“There’s a lot of discourse about how different we are these days, so it’s important to take time to celebrate the things we share,” she said.

And that’s what Kim finds so beautiful about nature. There are no boundaries, no state lines or international borders in ecosystems.

“Those are all placed there by people,” she said. “We’ve created these guidelines within our own structures, but they don’t actually exist. The butterfly doesn’t think, ‘I’m now in Texas, and I’m going to travel to Montana.’”

A natural fit

Walker said that in today’s political climate it’s easy to get caught up in one’s own echo chamber and end up with an “us-vs.-them” mentality. But he says if Ink Dwell can created a sense of shared wonder through these murals, there might be other things “we can share and build together.”

“What we’re really trying to do here is create this common ground,” he said. “Everyone can appreciate monarch butterflies, no matter what your political or religious views are.”

Ogden was a natural fit for the monarch project, according to the Ink Dwell partners. According to Kim, the butterfly separates into two populations — the eastern and western monarchs — with the Rockies being the dividing line. And while data on the western monarchs isn’t as robust as for its eastern cousins, Utah is an important place for the left-side butterflies, which overwinter on the California coast and down into Baja California in Mexico.

“Utah represents something incredibly important during the spring and summer months for the western population,” Kim said.

Walker said they were attracted to Ogden by the city’s “real movement to create an arts district here.”

The Monarch

Thaine Fischer is the managing partner and developer for the Monarch building. He heard about the Migrating Mural through contacts at WSU.

Fischer had been involved with another mural, two years earlier, at the Peery Apartments near 25th Street and Adams Avenue. He says he had a good experience with that one, which “brought vibrancy to the area at a time it was not a good place.”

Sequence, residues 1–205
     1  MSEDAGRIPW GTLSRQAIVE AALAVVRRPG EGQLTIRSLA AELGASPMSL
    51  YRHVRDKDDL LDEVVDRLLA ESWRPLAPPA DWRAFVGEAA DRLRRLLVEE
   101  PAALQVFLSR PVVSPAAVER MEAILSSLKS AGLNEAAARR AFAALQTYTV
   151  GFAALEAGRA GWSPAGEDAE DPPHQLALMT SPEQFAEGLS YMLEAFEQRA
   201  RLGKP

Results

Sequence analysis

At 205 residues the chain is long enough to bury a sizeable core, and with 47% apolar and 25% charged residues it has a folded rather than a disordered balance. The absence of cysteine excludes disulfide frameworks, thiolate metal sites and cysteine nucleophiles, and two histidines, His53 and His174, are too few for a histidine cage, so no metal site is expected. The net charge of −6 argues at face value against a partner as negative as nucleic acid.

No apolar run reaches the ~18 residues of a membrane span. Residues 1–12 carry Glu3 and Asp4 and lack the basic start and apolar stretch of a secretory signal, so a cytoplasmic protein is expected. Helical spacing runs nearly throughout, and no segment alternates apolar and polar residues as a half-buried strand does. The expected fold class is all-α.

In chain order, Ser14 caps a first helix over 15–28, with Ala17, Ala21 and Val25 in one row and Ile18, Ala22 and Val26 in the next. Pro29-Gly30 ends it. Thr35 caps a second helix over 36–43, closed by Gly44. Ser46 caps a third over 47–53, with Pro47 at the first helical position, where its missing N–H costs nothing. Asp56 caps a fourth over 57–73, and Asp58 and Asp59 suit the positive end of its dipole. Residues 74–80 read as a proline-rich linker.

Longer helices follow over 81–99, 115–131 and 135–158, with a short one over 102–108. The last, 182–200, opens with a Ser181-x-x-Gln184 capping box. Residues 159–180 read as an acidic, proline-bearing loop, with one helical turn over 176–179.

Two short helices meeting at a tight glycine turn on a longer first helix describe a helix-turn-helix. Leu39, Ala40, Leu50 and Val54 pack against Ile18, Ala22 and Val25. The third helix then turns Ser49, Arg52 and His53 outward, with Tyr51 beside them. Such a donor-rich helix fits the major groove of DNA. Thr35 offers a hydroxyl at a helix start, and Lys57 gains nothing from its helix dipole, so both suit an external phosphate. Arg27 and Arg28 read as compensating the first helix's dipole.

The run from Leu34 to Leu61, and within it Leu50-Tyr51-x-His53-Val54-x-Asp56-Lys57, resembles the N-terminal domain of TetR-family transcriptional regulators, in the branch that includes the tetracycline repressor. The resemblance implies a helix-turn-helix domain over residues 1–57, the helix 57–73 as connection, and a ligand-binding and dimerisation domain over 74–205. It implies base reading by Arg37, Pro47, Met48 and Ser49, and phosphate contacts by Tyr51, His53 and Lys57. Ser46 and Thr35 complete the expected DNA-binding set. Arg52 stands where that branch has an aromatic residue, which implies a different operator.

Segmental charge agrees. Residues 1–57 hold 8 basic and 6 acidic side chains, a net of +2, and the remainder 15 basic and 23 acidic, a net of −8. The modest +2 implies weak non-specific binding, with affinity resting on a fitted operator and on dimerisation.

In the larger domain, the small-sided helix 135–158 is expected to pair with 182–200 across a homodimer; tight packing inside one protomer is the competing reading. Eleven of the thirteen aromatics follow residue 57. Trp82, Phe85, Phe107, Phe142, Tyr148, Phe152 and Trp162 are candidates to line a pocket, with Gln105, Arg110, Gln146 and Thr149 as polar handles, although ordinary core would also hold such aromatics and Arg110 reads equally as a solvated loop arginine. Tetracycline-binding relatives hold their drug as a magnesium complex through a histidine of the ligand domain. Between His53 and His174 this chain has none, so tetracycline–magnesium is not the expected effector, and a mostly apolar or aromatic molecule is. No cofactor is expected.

So when Fischer was approached about the Migrating Mural project, he jumped at the chance. Indeed, Fischer had been all set to rename the building the Hodgson — after well-known architect Leslie Hodgson, who designed such iconic Ogden buildings as Peery’s Egyptian Theater, Ogden High School, the Ogden municipal building, and the U.S. Forest Service building. And then the butterflies came along.

“I said if we call it the Hodgson, but paint a butterfly on it, everybody is going to call it ‘the butterfly building,’” he recalls. “So we just called it the Monarch.”

At roughly 300 linear feet, the new mural will be eye-catching to say the least, according to Fischer. Between 7 and 16 feet high at times, the mural runs along a wall and parking deck at the site. The mural isn’t being painted directly onto the Monarch, since it’s a historical structure.

“It’s our building at the epicenter of Nine Rails (Ogden’s recently designated creative district), and we said ‘Let’s do something big, let’s be bold and progressive,’” Fischer said. “So we’ve set a great flag in the ground that says Ogden’s new creative district is here to stay.”

The Monarch should be open and occupied by next spring or summer, according to Fischer.

Network of butterflies

Walker said he and Kim are planning on focusing on the monarch butterfly motif for three-plus years. The Weber State mural will represent Ink Dwell’s seventh installation in the first year — “which is way more than we’d anticipated,” he said.

Walker said they’d eventually like to create 15 to 20 of these monarch murals in places around the U.S.

“It would be cool to have a network of these across the country,” he said.

And Kim hopes to extend her murals into Mexico and Canada — the same range as the monarchs.

The artist says her goal is just to use her murals to beautify and unite people.

“Bringing communities together, that’s why we do what we do,” Kim said. “And it’s important that this be in the public realm rather than galleries or private residences, because it’s for the people. We need something beautiful like this that we can all celebrate.”